Palm trees are usually identified by their size: Dwarf, small, and tall. The heights can vary immensely, from six feet tall (small) to 75 feet (tall, obviously) or more. Dwarf varieties live up to their name, growing up to just 3-4 feet in height. Most dwarf palms can even start their growing containers inside your house.


Some of the most popular varieties of palm trees are:

  • Pygmy Date Palm
  • Bottle Palm
  • Canary Palm
  • Triangle Palm
  • Pindo Palm
  • Christmas Palm
  • Dwarf Majesty Palm
  • Chinese Fan Palm
  • Palmetto Palm
  • Mexican Palm
  • Sylvester Palm


Not every variety of palm can grow indoors. Some may have requirements that can’t be met in an indoor environment and are much too picky. Others grow way too tall to be kept inside in general. But there are a lot of popular palms that will thrive inside, giving your place a sense of vibrancy and positivity other plant types can’t provide.



human hanging with dog



What Are the Best Indoor Palms?

While there’s a large variety of palms that can be grown indoors, there are just a handful of indoor palm trees that thrive specifically in this type of environment.


These palms are slow-growing and won’t become too large for your home any time soon (or at all). They are also easy to care for and aren’t as finicky as some other species. Here are the most popular indoor palm trees to consider for your space!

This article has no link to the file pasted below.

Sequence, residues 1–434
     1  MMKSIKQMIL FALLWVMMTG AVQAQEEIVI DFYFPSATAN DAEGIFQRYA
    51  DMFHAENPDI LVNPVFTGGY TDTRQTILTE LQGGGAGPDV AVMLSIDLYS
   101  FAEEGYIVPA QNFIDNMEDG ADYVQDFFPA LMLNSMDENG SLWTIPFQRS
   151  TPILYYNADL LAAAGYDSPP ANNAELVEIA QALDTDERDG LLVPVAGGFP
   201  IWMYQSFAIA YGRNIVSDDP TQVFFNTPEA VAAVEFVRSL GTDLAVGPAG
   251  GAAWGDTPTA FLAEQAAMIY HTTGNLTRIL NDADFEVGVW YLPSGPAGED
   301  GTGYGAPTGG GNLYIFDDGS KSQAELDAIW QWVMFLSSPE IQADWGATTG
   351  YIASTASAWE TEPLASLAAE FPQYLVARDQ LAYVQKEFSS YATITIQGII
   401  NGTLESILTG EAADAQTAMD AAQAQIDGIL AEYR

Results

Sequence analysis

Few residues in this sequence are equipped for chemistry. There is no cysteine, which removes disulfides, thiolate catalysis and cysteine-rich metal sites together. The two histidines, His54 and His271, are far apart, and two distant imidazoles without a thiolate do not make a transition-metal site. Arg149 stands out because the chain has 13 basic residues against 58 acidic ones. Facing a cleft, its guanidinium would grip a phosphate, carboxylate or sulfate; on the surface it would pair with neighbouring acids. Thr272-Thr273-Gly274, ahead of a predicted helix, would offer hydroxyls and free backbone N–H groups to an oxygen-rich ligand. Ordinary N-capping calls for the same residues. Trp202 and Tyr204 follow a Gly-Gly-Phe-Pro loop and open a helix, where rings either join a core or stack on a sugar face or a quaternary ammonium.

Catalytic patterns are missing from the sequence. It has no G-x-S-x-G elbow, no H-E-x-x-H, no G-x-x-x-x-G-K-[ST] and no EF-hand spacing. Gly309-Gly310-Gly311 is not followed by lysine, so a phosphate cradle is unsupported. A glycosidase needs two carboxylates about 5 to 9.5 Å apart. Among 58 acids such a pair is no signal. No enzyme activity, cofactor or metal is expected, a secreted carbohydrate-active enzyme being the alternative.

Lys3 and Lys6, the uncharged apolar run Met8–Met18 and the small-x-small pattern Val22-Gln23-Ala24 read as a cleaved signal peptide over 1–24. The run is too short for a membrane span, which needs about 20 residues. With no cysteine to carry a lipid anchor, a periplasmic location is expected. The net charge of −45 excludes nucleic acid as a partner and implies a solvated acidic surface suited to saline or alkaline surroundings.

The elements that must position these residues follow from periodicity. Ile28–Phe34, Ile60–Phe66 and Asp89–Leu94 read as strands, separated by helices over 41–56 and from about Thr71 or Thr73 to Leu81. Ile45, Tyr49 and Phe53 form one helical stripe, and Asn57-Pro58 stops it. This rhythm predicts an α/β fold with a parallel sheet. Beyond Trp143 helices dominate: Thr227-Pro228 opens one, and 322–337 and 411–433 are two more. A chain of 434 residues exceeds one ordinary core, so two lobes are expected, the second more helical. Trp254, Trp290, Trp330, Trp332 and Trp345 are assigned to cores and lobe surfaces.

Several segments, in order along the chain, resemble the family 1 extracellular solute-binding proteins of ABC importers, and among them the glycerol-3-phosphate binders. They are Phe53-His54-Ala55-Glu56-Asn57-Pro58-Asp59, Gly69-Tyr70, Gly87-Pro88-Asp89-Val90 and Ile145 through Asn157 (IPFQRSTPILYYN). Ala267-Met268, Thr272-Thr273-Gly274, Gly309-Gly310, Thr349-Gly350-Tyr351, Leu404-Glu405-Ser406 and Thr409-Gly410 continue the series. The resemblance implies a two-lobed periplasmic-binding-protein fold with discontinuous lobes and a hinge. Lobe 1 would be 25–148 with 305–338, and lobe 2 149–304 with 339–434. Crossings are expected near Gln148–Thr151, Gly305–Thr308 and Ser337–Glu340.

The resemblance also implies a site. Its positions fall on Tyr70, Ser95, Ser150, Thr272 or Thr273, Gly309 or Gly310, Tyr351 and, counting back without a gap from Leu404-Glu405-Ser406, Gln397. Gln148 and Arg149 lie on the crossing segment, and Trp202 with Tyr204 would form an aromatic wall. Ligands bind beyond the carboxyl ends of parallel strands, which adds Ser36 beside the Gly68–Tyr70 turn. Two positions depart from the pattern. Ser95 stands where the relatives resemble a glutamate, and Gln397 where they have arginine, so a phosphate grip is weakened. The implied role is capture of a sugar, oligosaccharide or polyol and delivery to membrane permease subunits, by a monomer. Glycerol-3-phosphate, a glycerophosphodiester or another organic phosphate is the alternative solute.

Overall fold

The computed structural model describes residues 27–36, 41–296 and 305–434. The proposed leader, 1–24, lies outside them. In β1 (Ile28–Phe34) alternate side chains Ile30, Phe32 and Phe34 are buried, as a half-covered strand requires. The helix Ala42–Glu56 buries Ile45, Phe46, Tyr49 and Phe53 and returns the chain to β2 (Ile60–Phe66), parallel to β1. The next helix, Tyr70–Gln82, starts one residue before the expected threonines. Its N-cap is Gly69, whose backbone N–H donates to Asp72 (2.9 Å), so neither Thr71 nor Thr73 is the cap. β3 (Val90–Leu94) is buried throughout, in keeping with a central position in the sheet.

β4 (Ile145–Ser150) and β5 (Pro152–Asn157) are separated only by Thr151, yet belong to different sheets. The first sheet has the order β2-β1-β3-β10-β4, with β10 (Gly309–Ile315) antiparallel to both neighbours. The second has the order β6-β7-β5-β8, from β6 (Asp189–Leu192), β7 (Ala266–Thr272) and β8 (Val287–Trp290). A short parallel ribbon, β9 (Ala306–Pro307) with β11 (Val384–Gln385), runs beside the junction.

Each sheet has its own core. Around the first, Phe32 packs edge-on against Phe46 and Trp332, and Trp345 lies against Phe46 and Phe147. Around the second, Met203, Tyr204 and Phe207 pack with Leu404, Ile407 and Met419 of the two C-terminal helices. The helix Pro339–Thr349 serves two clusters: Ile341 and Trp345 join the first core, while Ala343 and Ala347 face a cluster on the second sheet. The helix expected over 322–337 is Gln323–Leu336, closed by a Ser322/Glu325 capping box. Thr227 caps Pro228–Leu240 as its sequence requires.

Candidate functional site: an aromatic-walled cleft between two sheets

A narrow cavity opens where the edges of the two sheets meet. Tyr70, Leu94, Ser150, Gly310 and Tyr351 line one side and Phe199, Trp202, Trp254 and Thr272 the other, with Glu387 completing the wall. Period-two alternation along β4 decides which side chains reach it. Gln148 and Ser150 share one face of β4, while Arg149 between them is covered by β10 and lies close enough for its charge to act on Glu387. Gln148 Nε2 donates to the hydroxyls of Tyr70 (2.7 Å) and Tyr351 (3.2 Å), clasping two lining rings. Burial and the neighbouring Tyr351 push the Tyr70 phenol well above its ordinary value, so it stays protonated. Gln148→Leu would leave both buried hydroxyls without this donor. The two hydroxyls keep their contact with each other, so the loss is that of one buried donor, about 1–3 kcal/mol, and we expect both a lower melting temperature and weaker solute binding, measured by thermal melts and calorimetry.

Fishtail Palm

This plant grows 10 feet indoors (not quite the 60 it can reach in its natural environment in Asia). Multiple green stems grow from the base, creating a “clump” style of growth. Provide them with bright, indirect sunlight as well as occasional misting to keep them happy.


Cascade Palm

Native to southern Mexican and Central America, the Cascade Palm (or Mexican Hat Palm) is used to growing near streams so they will need a lot of water. Thick with an abundance of lush, green, feathered leaves, the Cascade Palm can reach up to six feet tall inside. Keep them in a shady, moist environment inside your home.


Parlor Palm

This is one of the most popular palms because they are easy to grow indoors. Familiar Mexico and Guatemala, this palm grows slowly and does well in indirect light and average room temperature. They grow about four to six feet tall, boasting a cluster of smaller plants. Just remember to regularly mist them to keep their environment humid.


Majestic Palm

With its long, feather-like leaf pattern and dark green fronds, the Majestic Palm — originating in the tropical maritime climate of Madagascar — can make any room look vibrant and sophisticated. But it’s important to keep in mind that this palm is a bit picky. Place your palm, in all its majesty, in the kitchen or bathroom to give it the most humidity possible. Make sure to keep this large palm constantly moist.


Sago Palm